Initiation of a prospective observational cohort study of patients with acquired thrombotic thrombocytopenic purpura (TTP)

T. Falter1, A. Trinchero1, K. Jurk1, H. Roßmann1, K. Lackner1, B. Lämmle1,2, C. von Auer1 (1Mainz, Germany, 2Bern, Switzerland)

Platelets - Physiology and Disorders of platelet number and function
Date: 17.02.2017,
Time: 17:15 - 18:15

Objective: Acquired TTP is an acute life-threatening thrombotic microangiopathy most often caused by autoantibody-mediated severe ADAMTS13 deficiency. The annual incidence is 2-4 cases/1 million and despite intensive daily plasma exchange therapy (PEX) and corticosteroid treatment the mortality is still 10-20%. Survivors have a 40-50% risk of relapse during the ensuing 5-10 years and may be affected by neurocognitive problems, arterial hypertension and increased mortality. Our cohort study aims to answer whether acute relapses in survivors of an acute TTP can be predicted based on clinical and/or laboratory parameters assessed during regular outpatient follow-up visits.

Methods: A protocol for all consecutive patients with acute acquired TTP hospitalized at UMC Mainz as well as for survivors of acute TTP referred to the outpatient ward for regular follow-up visits every 3 months has been established and approved by the responsible Ethics Committee of Rhineland Palatine. Clinical and laboratory parameters are assessed daily during the acute disease and at each follow-up visit. In addition, biobanking of whole blood, citrated and EDTA plasma and serum samples is performed. Besides planned Next Generation Sequencing (NGS) of ADAMTS13, von Willebrand factor, complement and complement regulatory genes, stored biomaterial will be available for new assays to be developed. Biodatabanking is supported by an electronic database established for this cohort.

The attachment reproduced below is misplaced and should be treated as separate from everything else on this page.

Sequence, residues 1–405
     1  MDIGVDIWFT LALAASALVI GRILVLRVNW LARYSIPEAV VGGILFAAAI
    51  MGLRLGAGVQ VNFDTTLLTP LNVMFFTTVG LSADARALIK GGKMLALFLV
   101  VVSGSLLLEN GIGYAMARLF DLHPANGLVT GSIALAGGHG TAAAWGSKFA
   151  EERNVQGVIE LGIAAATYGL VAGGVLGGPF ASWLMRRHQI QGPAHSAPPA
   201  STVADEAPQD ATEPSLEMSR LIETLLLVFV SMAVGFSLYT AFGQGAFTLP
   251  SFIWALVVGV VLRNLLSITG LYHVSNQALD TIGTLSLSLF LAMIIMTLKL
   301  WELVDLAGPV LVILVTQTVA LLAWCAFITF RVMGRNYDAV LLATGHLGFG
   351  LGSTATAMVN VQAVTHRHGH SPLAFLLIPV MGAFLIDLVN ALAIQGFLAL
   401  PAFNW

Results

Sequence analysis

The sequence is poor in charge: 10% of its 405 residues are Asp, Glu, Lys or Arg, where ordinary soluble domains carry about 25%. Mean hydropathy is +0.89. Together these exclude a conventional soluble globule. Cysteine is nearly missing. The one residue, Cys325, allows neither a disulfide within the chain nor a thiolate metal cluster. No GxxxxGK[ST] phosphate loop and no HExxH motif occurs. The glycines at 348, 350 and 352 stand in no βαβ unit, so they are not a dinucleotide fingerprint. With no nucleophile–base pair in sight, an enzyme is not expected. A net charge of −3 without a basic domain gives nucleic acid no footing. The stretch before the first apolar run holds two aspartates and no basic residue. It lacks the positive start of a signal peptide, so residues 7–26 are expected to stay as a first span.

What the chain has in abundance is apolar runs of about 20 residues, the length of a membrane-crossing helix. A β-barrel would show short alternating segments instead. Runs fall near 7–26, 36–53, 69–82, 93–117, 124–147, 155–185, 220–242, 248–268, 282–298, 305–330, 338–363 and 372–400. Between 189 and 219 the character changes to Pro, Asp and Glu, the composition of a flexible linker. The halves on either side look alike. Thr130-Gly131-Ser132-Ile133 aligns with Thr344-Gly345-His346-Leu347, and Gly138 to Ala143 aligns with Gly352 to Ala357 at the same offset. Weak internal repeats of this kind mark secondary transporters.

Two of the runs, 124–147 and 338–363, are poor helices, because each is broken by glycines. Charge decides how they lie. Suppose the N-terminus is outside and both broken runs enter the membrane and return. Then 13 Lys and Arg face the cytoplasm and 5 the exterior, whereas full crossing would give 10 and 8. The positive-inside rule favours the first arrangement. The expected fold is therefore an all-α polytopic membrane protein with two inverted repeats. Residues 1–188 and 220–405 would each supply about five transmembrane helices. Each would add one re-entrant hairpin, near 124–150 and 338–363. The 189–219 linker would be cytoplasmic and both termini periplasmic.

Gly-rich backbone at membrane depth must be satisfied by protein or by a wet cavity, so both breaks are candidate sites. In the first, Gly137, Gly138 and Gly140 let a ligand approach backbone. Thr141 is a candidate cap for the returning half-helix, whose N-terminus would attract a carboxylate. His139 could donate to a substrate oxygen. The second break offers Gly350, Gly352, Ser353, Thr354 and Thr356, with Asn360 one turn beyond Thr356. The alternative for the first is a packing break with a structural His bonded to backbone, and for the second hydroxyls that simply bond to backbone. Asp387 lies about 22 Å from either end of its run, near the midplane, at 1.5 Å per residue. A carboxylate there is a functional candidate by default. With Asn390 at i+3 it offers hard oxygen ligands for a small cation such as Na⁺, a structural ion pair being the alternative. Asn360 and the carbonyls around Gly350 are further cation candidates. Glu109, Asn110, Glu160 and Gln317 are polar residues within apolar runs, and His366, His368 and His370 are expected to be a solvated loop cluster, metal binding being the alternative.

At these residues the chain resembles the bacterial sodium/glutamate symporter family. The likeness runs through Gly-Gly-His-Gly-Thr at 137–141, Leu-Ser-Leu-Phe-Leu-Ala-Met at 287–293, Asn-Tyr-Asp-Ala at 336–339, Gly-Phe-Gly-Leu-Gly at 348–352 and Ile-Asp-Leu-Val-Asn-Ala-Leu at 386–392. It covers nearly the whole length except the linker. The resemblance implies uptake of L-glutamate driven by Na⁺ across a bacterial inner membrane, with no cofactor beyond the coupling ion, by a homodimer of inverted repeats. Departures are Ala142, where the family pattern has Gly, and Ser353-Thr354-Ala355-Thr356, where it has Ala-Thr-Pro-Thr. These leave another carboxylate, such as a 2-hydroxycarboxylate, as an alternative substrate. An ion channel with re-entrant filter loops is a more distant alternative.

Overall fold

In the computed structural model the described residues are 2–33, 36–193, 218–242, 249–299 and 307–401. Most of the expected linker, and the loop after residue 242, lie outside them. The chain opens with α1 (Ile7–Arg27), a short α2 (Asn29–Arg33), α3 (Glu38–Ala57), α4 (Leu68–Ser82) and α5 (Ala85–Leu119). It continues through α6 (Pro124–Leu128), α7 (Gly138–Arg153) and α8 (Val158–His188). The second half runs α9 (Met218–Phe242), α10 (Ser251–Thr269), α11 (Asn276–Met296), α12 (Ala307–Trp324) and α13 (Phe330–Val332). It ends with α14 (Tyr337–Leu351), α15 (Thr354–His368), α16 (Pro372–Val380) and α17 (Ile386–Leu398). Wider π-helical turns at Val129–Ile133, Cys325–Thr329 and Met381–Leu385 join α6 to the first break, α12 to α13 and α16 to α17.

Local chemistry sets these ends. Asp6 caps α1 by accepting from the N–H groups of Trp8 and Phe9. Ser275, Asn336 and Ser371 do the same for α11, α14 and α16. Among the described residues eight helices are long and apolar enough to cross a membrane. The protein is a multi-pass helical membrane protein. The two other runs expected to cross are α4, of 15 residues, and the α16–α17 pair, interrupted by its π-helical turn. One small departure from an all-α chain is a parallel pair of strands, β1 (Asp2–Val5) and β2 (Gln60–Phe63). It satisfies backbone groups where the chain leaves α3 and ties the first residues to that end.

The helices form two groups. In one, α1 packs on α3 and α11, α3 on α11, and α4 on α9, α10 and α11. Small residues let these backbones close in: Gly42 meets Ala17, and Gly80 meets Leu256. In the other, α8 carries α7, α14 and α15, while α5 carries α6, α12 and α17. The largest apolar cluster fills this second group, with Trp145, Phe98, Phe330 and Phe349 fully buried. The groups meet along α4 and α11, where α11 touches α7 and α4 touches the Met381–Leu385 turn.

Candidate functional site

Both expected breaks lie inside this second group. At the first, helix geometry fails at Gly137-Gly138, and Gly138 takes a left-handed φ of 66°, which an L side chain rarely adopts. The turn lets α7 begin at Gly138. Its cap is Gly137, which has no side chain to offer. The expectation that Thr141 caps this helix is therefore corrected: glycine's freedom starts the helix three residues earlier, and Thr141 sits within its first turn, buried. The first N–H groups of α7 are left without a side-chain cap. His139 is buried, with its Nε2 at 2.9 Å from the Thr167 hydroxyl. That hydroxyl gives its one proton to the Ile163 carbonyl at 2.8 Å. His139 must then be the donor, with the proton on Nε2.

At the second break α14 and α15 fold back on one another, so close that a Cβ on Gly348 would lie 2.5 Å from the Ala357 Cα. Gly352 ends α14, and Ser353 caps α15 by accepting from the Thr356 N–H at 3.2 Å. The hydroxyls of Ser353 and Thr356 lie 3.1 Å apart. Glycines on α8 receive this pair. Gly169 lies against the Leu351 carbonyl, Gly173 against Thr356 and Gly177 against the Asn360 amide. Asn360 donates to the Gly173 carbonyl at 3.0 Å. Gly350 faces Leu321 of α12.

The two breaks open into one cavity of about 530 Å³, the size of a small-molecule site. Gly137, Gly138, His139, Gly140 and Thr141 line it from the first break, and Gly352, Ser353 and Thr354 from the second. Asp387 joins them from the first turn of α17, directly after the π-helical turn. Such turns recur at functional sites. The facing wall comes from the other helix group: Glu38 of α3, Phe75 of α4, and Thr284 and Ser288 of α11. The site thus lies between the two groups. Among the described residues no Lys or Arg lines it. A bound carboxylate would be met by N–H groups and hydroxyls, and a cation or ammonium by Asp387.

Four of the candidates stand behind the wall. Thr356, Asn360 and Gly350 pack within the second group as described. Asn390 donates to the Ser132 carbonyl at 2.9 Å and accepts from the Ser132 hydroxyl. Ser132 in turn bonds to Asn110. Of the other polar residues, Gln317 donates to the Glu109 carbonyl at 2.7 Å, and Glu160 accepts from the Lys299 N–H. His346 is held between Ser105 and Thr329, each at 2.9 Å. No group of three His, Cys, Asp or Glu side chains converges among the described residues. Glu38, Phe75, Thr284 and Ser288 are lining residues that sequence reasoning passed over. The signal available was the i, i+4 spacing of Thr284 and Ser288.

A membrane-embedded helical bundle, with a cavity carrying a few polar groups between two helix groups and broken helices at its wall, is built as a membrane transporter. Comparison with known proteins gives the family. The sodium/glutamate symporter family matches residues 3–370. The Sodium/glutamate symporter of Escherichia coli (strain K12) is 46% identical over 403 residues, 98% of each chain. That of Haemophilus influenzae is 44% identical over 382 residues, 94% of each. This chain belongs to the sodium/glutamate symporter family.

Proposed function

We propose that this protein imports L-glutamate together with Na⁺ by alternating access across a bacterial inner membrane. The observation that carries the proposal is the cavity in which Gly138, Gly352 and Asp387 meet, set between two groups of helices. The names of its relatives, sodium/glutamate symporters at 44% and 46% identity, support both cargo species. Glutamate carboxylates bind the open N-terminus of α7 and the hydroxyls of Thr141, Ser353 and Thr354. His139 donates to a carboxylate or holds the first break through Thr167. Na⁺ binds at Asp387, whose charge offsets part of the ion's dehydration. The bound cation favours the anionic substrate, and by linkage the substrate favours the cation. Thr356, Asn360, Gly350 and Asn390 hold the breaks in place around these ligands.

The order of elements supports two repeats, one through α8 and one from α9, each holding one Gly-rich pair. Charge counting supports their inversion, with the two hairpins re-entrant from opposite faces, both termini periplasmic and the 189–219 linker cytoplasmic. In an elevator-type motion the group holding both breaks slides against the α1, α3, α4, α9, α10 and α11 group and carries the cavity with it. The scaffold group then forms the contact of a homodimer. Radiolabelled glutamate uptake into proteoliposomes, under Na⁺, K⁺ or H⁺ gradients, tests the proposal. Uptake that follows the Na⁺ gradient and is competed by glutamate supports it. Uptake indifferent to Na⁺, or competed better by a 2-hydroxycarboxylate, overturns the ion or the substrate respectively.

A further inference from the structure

Results: The first patient, in remission after surviving acute TTP, was enrolled in July 2016 and by 10th October 2016, a total of 31 patients seen in the outpatient ward in clinical remission and one patient admitted for PEX therapy for acute TTP have been enrolled. One outpatient with earlier recurrent acquired TTP was treated with rituximab because of progressive decrease of ADAMTS13 activity and increasing inhibitor titers according to treating physician´s judgement.

Conclusion: This inception cohort study on acquired TTP patients has been successfully started as a single-center study and it is planned to invite other centers to participate. Besides learning more on the natural disease course, we hope to develop new diagnostic and/or prognostic parameters.